There wasn’t much reason for optimism, but that didn’t keep me from hitting the woods on a recent Sunday morning to hunt ruffed grouse, a forest game bird that has been all but nonexistent for me this year.
On the plus side, I’m shooting 100%; I haven’t fired a shot.
Despite the underlying pessimism, some days are just too nice to stay indoors, and that recent Sunday morning was no exception. After a much-too-early stretch of brutal cold, the temperature had risen to near freezing and there was very little wind.
Besides, a walk in the woods is always rewarding, even if grouse are hard to come by.
About 4 inches of new snow covered the trail of the wildlife management area where I parked the truck and entered the woods. Judging by the lack of footprints, no hunters had been there since the snow had fallen four days earlier. The firearms deer season had ended the previous Sunday, lessening the incentive to traipse down a snowy trail on a Sunday morning in late November.
Occasional deer tracks crossed the trail, but the only sign of human life was the bicycle tracks left by a fat tire-biking friend who had pedaled down the path earlier that morning.
I had the place to myself — to hear what there was to hear and see what there was to see.
Even in years when ruffed grouse are plentiful, I have trouble finding birds after snow hits the ground. One can only assume the birds head for thicker cover, perhaps roosting among the branches of pine trees where they’re difficult to see.
Whatever the reason, something changes, and my success rate plummets.
The chosen route on this morning began in a patch of aspen trees that eventually gave way to a thick stand of jack pine, their branches covered with the recent snow, before looping around past familiar landmarks and back to the parking lot.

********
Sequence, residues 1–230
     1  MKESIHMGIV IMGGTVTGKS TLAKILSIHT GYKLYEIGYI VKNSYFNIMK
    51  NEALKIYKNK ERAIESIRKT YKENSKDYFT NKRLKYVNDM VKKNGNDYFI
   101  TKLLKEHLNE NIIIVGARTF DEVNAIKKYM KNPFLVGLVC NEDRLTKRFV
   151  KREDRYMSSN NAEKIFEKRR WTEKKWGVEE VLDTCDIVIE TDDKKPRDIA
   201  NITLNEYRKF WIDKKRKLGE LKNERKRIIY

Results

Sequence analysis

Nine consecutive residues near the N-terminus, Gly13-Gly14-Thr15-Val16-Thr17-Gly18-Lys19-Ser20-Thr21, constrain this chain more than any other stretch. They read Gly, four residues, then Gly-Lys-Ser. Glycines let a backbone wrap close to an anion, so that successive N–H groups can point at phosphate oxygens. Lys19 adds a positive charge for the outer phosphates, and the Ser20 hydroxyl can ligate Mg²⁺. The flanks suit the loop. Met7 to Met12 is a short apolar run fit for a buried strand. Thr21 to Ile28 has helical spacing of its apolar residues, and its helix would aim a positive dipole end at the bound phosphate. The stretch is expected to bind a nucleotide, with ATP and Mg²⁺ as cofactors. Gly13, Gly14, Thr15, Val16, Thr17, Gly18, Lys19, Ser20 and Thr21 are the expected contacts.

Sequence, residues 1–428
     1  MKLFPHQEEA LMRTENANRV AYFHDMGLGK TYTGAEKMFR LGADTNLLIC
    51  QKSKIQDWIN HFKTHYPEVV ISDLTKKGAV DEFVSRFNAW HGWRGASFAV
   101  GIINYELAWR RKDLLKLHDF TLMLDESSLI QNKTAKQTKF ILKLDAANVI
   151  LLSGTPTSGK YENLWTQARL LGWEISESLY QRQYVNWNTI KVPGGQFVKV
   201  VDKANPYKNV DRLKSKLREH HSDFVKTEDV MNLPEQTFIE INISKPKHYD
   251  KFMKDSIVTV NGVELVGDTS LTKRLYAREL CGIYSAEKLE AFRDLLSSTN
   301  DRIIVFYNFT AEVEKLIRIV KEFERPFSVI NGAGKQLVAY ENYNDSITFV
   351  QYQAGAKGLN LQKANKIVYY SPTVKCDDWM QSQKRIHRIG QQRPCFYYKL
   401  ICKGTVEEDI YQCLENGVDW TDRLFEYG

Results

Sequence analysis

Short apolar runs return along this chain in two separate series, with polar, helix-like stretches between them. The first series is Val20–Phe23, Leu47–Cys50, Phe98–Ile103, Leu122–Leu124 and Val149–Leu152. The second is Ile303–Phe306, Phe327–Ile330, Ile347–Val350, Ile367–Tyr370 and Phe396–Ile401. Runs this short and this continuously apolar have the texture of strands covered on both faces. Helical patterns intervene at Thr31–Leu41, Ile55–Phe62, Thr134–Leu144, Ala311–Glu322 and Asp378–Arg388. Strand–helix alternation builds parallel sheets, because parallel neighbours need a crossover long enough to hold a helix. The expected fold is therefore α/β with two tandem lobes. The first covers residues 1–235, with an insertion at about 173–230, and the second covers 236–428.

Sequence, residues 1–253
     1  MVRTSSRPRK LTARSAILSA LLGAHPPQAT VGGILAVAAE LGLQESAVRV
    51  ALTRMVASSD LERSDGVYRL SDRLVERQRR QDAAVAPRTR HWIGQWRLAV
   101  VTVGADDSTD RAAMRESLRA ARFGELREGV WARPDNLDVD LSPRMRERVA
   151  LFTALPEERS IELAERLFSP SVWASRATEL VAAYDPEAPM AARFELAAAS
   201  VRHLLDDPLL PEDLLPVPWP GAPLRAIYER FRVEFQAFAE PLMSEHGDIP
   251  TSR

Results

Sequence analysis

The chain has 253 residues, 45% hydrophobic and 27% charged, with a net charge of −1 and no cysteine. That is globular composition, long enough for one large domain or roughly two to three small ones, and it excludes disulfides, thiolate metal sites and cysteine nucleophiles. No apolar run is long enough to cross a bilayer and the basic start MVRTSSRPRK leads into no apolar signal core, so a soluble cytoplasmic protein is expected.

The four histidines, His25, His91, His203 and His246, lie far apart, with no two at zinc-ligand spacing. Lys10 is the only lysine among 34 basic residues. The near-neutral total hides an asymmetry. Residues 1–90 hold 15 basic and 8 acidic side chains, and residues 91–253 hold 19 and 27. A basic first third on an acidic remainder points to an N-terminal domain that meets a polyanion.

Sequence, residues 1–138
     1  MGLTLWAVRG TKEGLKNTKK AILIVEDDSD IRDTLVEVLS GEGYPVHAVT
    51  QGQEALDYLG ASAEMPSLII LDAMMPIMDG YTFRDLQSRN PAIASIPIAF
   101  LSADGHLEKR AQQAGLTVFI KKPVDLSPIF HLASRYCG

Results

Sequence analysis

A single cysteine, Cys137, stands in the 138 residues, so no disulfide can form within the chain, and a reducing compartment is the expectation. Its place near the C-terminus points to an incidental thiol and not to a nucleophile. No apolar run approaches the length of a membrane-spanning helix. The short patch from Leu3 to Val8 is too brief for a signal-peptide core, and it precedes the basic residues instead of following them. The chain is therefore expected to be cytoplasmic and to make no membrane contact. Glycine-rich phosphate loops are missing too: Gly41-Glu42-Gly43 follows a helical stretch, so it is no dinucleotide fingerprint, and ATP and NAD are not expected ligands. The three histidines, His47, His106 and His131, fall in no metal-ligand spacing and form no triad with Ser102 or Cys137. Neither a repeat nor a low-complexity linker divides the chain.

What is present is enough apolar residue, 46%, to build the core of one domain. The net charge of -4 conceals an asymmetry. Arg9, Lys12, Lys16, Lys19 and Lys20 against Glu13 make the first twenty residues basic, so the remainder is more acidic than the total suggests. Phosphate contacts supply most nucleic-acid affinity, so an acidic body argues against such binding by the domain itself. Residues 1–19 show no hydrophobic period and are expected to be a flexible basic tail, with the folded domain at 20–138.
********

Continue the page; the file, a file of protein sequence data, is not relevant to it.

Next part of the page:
The hunt would take no more than an hour, and even if I didn’t see a grouse — which was my expectation — a walk in the woods on a pleasant morning would be a fine way to work up a sweat and get some exercise.
There’s always that chance of seeing a bird, after all, and sometimes that’s enough.
The woods initially seemed quiet as I started down the trail, but a closer listen told a different story. The light breeze was strong enough to rustle the trees, and the raucous calls of blue jays and scolding squirrels echoed through the woods.
Walking into the stand of jackpine was like walking into a tunnel.
I had stopped to enjoy the moment and take in my surroundings when I noticed the snow falling from the pine branches in random showers. The woods were alive, it seemed, with the showers of falling snow, some of which found its way past my collar and down my neck.
No matter, that, the encounter was exhilarating.
I stood there a couple of minutes, trying to guess which branch would be next to lose its snow. Sometimes, several seconds passed; other times, snow showers rained down from numerous branches at once.
So simple, so random and yet so pleasing.
My theory that the grouse would be in the pines either was flawed or the birds were holding tight and out of view.
I saw neither grouse nor their tell-tale tracks in the snow.
The hunt had ended pretty much like I had expected it to end — without a bird in the bag. Some of my friends in our annual October grouse hunting crew actually had respectable success in these same woods, but that wasn’t my experience.
Still, I left the woods feeling good about the time I’d spent roaming its trails.
Sometimes, it’s the little things that make a trip memorable.